Sigur Rós (photo: Jon Bauer)
Sigur Rós are consistently billed as a post-rock band — but while listening to them in a contemporary context, their music reminds me less of the 2000’s soaring arrangements, and more of this era’s experimental manipulations of sound through production. They are a rock band, yes, but Sigur Rós’ approach to emotional articulation is electronic. Prioritizing sound construction over literal meaning, their music pulls listeners emotionally without relying on context.
At the Fox Theater in Oakland on Sunday night, Sigur Rós’ expansive sound was matched with soaring lights and patterned projections. The theater itself seemed to house their performance perfectly — where there were gaps in the band’s visuals, the Fox’s own decor filled in.
The performance was long — Sigur Rós filled a full two and a half hours alone, without supporting bands — but I felt that their choice to play for a theatrical amount of time added to the show’s immersion. Standing amongst the Fox’s large crowd, I felt unbodied and unburdened. It was a relief to listen to talented musicians play for the sound of it, and to take a break from anticipating my own reaction to new material.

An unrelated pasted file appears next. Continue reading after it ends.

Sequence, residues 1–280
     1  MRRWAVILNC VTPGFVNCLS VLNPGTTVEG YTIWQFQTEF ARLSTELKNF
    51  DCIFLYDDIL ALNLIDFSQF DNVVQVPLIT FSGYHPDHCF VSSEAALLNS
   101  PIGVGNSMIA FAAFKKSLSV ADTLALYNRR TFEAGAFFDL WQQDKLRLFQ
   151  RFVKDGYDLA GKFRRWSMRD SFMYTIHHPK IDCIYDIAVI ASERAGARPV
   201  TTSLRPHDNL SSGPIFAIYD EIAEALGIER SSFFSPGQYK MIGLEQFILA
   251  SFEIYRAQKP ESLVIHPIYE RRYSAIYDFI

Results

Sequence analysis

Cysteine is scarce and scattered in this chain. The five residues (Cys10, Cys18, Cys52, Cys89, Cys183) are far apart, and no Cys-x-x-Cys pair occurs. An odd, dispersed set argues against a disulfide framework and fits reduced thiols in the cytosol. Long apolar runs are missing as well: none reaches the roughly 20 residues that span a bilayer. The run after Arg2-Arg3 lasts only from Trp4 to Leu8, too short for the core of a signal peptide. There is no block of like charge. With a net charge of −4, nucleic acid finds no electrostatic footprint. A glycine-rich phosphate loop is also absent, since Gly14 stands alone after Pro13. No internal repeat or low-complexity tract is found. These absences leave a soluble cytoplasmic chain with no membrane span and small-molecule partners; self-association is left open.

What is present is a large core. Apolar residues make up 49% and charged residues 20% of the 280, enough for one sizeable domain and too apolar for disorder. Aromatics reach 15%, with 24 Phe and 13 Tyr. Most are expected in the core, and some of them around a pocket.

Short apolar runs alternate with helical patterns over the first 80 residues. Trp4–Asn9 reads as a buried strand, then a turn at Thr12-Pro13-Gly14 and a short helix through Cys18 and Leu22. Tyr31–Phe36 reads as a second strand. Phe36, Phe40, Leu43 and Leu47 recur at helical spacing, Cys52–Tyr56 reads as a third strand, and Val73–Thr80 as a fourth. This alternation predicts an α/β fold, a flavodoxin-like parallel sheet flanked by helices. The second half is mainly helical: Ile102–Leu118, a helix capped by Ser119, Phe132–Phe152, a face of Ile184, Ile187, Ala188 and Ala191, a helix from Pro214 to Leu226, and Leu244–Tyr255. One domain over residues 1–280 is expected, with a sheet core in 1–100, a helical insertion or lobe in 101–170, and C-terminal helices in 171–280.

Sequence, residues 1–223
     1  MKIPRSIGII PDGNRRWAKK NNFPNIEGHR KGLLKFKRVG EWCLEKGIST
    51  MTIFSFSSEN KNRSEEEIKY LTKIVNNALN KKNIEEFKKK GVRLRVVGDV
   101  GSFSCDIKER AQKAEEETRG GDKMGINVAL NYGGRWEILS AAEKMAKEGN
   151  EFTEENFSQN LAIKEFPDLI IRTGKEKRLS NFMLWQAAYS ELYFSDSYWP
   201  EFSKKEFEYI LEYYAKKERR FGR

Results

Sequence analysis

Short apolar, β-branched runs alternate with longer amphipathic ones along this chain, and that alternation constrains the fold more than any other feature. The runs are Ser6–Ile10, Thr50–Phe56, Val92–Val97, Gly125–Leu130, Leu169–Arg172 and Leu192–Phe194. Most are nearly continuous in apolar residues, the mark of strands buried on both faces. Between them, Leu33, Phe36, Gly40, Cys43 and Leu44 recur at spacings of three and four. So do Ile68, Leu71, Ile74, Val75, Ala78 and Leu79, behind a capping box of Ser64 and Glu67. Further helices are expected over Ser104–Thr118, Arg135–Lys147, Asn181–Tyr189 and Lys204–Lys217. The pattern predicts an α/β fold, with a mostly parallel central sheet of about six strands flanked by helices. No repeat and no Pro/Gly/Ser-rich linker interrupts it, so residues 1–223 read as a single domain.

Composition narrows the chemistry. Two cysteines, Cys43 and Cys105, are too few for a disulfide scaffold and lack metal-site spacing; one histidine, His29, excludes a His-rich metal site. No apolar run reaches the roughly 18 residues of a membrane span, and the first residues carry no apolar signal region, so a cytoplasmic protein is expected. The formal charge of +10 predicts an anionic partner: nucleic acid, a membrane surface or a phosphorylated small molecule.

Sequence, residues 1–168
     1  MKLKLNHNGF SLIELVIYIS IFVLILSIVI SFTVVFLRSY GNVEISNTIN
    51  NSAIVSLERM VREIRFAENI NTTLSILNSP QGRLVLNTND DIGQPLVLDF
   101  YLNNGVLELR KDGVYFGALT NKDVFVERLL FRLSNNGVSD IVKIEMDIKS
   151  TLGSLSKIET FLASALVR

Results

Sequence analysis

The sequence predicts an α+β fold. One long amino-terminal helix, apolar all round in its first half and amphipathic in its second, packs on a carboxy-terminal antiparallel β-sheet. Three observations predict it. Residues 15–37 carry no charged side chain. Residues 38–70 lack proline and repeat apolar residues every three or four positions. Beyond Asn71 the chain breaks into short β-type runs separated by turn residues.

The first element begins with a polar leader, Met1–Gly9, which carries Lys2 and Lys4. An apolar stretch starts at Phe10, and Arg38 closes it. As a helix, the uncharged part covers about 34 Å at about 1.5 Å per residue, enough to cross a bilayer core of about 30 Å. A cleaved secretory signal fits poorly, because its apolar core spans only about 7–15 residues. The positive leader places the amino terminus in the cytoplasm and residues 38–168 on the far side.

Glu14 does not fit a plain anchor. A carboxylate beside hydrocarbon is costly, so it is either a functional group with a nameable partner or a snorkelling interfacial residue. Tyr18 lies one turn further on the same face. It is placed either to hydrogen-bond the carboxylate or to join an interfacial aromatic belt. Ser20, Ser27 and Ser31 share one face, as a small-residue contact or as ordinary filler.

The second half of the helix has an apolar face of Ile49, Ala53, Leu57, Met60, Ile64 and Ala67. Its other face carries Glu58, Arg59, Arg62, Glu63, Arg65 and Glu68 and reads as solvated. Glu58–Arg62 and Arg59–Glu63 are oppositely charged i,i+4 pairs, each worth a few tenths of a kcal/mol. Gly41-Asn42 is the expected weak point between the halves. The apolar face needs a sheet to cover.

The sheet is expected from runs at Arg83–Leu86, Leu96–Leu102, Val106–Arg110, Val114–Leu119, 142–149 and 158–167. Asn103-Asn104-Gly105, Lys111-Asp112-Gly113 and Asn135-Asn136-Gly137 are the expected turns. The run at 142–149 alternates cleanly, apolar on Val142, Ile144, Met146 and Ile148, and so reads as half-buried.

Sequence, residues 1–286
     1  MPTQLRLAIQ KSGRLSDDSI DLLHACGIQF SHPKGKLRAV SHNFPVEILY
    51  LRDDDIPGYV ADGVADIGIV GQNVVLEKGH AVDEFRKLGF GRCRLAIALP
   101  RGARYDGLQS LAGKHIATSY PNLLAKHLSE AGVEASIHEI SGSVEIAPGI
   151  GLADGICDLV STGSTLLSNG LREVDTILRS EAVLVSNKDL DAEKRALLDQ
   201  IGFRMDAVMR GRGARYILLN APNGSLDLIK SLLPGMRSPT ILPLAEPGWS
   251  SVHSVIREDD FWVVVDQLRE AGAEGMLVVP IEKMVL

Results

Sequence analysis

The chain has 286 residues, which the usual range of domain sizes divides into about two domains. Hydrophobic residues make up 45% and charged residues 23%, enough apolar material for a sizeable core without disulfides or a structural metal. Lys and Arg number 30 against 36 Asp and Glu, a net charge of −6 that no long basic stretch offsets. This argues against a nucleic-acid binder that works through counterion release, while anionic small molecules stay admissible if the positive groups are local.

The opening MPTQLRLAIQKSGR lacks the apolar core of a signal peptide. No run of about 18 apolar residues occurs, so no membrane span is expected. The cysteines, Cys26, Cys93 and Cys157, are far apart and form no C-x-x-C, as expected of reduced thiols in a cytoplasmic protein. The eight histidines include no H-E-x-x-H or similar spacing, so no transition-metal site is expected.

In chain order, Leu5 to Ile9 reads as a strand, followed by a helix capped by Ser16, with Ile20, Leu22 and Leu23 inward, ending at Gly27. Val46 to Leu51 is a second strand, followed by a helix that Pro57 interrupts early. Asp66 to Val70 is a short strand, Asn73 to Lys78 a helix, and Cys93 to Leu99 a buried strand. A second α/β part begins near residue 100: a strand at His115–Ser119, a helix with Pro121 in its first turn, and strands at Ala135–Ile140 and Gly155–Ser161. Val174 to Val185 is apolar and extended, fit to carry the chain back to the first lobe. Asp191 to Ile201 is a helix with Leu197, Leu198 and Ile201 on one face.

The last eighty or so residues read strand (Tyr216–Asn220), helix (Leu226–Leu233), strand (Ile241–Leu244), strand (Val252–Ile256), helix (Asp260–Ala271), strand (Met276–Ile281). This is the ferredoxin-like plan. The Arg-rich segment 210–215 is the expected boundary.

Though the band’s lyrics are not, as is popularly assumed, all in syllabic and non-literal “Vonlenska” (many of the songs are sung in Icelandic) lead singer Jónsi’s treatment of those lyrics totally removes them from languages usual responsibility to be understood literally. Instead, Sigur Rós manipulates their vocals, as they do their instrumental tools, mathematically — arranging the notes into patterns and waves that impact the crowd regardless of conscious understanding.
Sigur Rós didn’t come to the Fox with new material, or with chatty conversation. But they brought a fully-fleshed performance, deeply rooted in the engaging power of sound. Standing witness to that performance felt good, like relaxing into a known environment feels good — like slowly closing your eyes and upturning your face to the sun.